Observations from a newbie
One in a Series on Traveling with our Family to the National Parks
The Grand Tetons portion of our trip challenged my photography skills. On these long hikes, I didn’t want to carry multiple lenses. Strapping the camera body & lens across my body added pounds and awkwardness. Plus there was always the challenge of which lens to bring, a macro or zoom lens. Sometimes I went ultra light and hiked only with my iPhone. It seemed I always brought the wrong lens or I didn’t hike with the camera and then wished I had. Ultimately, I didn’t let my camera angst get in the way of have a wonderful time with my family. But, I did learn some valuable lessons.
1. Hike with a light weight lens.
2. Use your iPhone too. The phone fit right into my side pocket and I was able to whip it out in a split second. In some instances, I captured better photos with the phone because it took both close ups and wide angle shots. The phone performed well with the hazy background.
3. Don’t be concerned about bringing up the rear as long as you have bear spray. I told my family that I was out here to see and enjoy as well as hike. Often, they were speeding along the trails with my hubby leading the pack. So, once I let go of the pressure to always keep up, I felt free to take photos of all the natural treasures along the trail.
4. Get the Seek app on your phone. Being a southern girl, one of my favorite activities out here was identifying all the western flora. Using the Seek app enabled me to id each unusual flower and plant. All you have to do is open the app and point your camera toward the flower or plant and it will tell you the species and its range. The Seek app opened a whole new world of flower identification.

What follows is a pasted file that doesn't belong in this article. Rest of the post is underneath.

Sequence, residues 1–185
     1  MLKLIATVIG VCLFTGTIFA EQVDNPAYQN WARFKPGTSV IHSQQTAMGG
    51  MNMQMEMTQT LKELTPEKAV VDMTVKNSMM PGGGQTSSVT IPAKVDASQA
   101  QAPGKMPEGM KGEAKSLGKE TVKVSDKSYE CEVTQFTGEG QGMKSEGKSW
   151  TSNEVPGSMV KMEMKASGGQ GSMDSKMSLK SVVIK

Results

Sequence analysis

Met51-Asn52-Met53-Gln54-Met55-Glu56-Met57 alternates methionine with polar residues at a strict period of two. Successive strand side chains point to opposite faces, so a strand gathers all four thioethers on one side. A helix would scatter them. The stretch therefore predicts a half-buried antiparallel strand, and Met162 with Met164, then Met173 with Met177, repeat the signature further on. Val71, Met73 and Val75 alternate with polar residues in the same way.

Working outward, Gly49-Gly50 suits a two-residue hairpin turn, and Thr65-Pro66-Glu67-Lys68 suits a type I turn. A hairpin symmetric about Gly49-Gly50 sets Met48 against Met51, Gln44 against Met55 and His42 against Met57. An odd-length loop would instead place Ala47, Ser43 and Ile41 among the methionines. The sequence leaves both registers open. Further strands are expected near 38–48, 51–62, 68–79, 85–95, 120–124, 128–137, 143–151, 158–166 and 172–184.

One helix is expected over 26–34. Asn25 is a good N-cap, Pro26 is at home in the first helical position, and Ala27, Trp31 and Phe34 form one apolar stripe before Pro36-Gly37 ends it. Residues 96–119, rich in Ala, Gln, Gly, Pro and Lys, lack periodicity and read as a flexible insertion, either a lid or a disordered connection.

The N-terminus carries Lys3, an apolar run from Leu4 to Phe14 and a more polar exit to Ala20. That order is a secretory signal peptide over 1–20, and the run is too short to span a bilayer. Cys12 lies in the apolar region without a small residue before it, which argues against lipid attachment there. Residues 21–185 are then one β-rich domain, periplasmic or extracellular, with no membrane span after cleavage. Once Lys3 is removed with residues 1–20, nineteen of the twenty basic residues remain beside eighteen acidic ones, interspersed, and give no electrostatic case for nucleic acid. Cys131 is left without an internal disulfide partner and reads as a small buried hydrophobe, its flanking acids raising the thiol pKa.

The other challenge was the haze caused by the summer fires burning further west. During our early August visit, the mountains were obscured most of the time by haze, smoke or fog. Still, I endeavored to capture a few images of the Grand mountains against the lake at Coulter Bay. The silhouetted mountains against the colorful twilight skies compensated for the haze and indistinctness.
The natural beauty of The Tetons is striking. Every view, plant, rock stream, mountain… its all incredible. Even shrouded in haze the mountains have an exalted mysterious quality that keeps your gaze fixed upon them. I loved the rocky bed and clear waters of the Gros Ventre River. This lovely scene above was near our camp site at the Gros Ventre campground.
I’m planning a return trip to this region some day soon. I’ll be going in with a different pack for my camera and lens and praying for clear skies.
2 thoughts on “Photographing Nature in The Grand Tetons”
Gorgeous pictures! I really need to get back to using my camera and watch somw videos to learn how to use all my settings!
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Photography is a deep well. I’ve been studying and trying to improve. It is a lifetime process.
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